The WSB stuff has never interested me, largely because I've always thought it to be taking very basic notions from the world of weightlifting and making them seem complex and revolutionary. As Arien said, the issue with weightlifting is the fact that the thing we're trying to improve is a fairly complex motor skill, but one that demands great power. So the trouble comes in trying to reconcile vastly disparate approaches to training these characteristics.

As an aside at this point, I'd like to state I have no idea what the original topic/question/point of this thread is.... So I may be contributing nothing of value.

In my opinion, the simple answer is that the weightlifter has to do it all. He has to rely on good ol' strength training basics like heavy squatting, DLing, pressing etc.; and he has to get in a lot of HEAVY snatching and clean & jerking - not just technique work. The differences between snatching 85% and 100% are HUGE. If you're not handling heavy, heavy weights in the classic lifts a good portion of your training career, you're simply not going to be as successful as you could be.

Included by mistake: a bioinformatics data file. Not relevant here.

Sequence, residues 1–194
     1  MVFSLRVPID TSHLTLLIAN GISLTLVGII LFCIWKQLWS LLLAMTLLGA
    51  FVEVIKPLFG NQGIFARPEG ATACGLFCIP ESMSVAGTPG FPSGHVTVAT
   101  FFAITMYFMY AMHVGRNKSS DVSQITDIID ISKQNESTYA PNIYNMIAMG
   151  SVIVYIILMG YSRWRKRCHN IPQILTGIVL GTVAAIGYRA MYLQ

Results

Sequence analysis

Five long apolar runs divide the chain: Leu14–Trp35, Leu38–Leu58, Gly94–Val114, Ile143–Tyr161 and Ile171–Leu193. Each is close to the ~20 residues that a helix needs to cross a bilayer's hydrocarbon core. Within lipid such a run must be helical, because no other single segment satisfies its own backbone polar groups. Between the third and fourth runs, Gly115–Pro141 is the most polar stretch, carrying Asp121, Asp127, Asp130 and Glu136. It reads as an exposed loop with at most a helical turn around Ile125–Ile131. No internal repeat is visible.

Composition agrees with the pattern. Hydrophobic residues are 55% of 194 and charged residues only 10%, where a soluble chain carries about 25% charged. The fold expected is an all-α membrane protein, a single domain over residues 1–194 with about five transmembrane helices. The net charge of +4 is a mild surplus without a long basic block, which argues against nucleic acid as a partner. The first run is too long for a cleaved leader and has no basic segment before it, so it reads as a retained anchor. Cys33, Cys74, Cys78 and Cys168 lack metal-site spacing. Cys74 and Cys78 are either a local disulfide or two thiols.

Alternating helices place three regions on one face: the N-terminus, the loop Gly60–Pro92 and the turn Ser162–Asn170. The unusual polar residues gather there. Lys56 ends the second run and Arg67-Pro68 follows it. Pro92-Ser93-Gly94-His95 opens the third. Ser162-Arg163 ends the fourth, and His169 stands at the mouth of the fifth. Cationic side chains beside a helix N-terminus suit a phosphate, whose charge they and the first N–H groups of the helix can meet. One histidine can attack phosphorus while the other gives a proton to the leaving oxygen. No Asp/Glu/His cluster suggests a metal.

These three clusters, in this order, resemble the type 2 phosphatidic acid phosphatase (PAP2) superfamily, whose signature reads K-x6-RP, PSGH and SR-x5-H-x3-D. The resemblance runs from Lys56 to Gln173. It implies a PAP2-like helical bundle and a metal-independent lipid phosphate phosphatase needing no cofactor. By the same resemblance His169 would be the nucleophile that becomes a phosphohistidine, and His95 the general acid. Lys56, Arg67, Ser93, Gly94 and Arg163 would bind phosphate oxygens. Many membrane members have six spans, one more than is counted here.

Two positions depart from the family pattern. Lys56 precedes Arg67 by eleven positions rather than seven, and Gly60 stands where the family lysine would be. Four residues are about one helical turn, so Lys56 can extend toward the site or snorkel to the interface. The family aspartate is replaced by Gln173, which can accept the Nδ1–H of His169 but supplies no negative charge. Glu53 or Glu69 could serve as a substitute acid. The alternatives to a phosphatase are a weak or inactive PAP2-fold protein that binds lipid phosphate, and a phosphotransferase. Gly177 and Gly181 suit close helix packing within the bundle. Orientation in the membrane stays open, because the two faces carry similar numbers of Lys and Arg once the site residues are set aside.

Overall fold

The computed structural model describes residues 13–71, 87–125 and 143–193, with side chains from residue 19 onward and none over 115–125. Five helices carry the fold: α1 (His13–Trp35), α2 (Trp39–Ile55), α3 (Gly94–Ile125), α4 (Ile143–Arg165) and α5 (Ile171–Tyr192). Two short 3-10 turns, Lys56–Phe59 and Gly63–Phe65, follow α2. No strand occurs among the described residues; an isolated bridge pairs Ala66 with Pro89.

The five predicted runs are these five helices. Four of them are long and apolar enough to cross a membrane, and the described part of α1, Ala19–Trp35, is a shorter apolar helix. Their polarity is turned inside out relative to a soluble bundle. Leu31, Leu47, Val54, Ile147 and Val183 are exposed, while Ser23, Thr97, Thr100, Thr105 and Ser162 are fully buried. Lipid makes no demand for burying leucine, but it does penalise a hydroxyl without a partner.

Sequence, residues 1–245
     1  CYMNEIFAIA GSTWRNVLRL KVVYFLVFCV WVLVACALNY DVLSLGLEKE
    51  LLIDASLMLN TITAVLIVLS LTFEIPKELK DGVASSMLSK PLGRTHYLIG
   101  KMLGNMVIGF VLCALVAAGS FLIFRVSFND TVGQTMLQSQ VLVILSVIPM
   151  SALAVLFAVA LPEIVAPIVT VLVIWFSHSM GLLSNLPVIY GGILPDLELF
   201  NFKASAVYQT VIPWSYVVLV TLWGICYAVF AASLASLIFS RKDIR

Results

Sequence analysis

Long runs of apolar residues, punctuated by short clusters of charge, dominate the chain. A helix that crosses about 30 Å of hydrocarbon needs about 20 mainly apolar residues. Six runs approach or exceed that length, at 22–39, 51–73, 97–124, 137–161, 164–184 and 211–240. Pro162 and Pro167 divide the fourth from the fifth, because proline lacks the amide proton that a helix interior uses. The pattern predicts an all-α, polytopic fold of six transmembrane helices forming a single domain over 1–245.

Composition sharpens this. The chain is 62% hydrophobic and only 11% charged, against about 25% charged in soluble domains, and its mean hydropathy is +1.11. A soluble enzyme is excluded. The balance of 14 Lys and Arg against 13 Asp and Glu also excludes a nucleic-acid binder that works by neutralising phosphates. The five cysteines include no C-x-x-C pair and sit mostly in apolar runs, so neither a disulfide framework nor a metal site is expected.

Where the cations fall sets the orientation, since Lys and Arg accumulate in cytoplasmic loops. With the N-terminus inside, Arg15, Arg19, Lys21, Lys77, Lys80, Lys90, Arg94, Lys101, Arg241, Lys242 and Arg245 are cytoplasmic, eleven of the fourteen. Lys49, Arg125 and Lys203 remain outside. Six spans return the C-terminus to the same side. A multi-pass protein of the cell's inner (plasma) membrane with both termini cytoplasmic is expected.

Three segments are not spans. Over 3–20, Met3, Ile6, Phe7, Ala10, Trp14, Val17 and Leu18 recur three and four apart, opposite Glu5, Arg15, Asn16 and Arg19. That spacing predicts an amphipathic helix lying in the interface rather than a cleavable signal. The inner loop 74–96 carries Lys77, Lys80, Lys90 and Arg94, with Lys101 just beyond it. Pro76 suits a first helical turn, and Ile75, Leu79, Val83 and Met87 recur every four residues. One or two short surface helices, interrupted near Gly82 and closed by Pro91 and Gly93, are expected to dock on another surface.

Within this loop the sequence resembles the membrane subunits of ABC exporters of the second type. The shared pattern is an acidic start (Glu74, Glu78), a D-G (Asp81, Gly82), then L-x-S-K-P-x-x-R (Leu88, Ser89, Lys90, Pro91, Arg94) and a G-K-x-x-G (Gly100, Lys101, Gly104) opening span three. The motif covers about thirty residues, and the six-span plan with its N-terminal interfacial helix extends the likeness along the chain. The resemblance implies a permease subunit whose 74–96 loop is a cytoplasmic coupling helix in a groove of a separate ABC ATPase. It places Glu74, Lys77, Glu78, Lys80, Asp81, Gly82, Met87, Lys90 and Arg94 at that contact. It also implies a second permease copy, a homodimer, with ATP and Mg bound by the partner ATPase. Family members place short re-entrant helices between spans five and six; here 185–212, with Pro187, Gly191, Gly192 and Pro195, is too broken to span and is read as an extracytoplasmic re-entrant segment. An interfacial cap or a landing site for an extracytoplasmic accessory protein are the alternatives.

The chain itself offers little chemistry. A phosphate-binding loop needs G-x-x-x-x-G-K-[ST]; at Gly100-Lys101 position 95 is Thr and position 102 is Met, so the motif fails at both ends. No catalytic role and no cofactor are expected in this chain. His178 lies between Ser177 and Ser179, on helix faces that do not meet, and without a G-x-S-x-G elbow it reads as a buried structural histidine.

You can try to mix these things in a given cycle, but it doesn't work well. The WSB thing with max effort, dynamic, etc. is different - snatching a light weight super fast may be valuable in a lot of respects, but it will not produce the response you get from gnarly heavy singles. If you squat and DL heavy with any kind of volume, you can't snatch/CJ heavy, and vice versa.

The rationale of alternating strength emphasis cycles with heavy classic lift emphasis cycles is very simple - create a strength base, then apply that strength base to the snatch and CJ. Sticking with either for too long compromises the other, but not sticking with either long enough doesn't produce any measurable gains.